Saturday, March 3, 2012

Shelf Stable Cheese

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Last week I did a post on how to store cottage cheese, sour cream, and yogurt for much longer than the expiration date tells you. Click HERE to view that post.  
My Tillamook cheese in my storage room.

I also promised I would write a post about keeping cheese on your pantry shelf.  I learned this trick in a food storage class at Honeyville Grain last July, in the same class that I learned about the cottage cheese.  
In July my grocery store had these Tillamook cheese blocks on sale for $2.99  (with a $1.00 coupon) and I bought about 10 of them.  I was too chicken to set them all on the pantry shelf, so I started with only this one block.  You'll see in the first picture that I kept the cheese in an old baby wipes box.  I did this to keep any unwanted guests from partaking of my cheese.  (I have never, nor do I now have any kind of bug or rodent in my storage room, knock on wood)  I have read on other blogs that around 7 months the cheese gets very sharp so I thought that 8 months would be a good time to try my cheese out.  
The cheese was still a hard block of cheese and there was a little bit of liquid in the plastic.  It smelled kind of sharp but looked and felt just like a regular block of cheese.  
 You can see the liquid that separated from the cheese in this picture.  The cheese cut just fine and would shred just as well.  I ate a bite and it was totally edible!!  It wasn't too sharp and it would make a really good grilled cheese sandwich or a great topping on top of a casserole.  I will definitely be using the cheese in my meals this week.  I was surprised that it wasn't too sharp and that it wasn't moldy :)  I am sold on keeping Tillamook cheese on my pantry shelf.  Remember that you can't do this with any other brand of cheese, it isn't packaged the right way to do this.  This is another great way to save money by purchasing an item at its lowest price and being able to store it for a long time without refrigeration.  Most cheese has a long expiration date, but this would help in a time of little or no refrigeration.  If I was smart, I would buy smaller packages of cheese so we wouldn't have to use 2lbs of cheese at one time and not have to waste all that cheese without a refrigerator.  I may be a food storage nerd, but I love trying out these food storage tricks and it is so fun to find out the results!!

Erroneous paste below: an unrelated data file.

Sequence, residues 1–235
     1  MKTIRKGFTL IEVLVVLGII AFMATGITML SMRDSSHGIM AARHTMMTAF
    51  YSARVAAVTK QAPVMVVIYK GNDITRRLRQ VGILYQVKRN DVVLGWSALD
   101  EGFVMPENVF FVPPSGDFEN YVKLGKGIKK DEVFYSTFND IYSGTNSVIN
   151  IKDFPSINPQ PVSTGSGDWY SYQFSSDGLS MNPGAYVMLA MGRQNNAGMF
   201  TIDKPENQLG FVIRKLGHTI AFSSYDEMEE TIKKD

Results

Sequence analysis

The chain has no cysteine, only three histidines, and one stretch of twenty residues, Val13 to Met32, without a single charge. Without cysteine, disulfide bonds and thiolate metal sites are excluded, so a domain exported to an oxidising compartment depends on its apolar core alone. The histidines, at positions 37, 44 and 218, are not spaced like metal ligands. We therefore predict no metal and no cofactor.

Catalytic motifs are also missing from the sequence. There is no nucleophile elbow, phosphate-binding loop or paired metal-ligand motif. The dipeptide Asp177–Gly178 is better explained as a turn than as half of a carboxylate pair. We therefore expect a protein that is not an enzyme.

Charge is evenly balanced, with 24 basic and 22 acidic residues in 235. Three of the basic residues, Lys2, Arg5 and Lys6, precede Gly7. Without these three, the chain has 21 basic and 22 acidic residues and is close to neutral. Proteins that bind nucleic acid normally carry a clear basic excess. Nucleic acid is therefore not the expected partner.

1. That's a great idea!! My husband is huge on storing things like bacon, butter and cheese so I'll have to show him your blog! Thanks for sharing!

  2. Your welcome! I am glad it helps.

  3. I just found this post and ha e shared it with my SIL! Thanks sooo much! This will make it possible to extend our storage menus!

    1. You're very welcome! I'm glad your liked it and that you found it useful. Thanks for reading!

  4. I did this and left it for about 3 years. My ex just opened and started eating a block. He says it's REALLY sharp but REALLY good. What concerns me most is the opportunity for botulism to grow since the cheese is sealed in plastic. Hs anyone done any research on this? Why doesn't botulism grow in the cheese? He scared the heck out of me eating it but said he'd been eating it now for 4 days and he's still alive. Just not sure if i want to take the chance?


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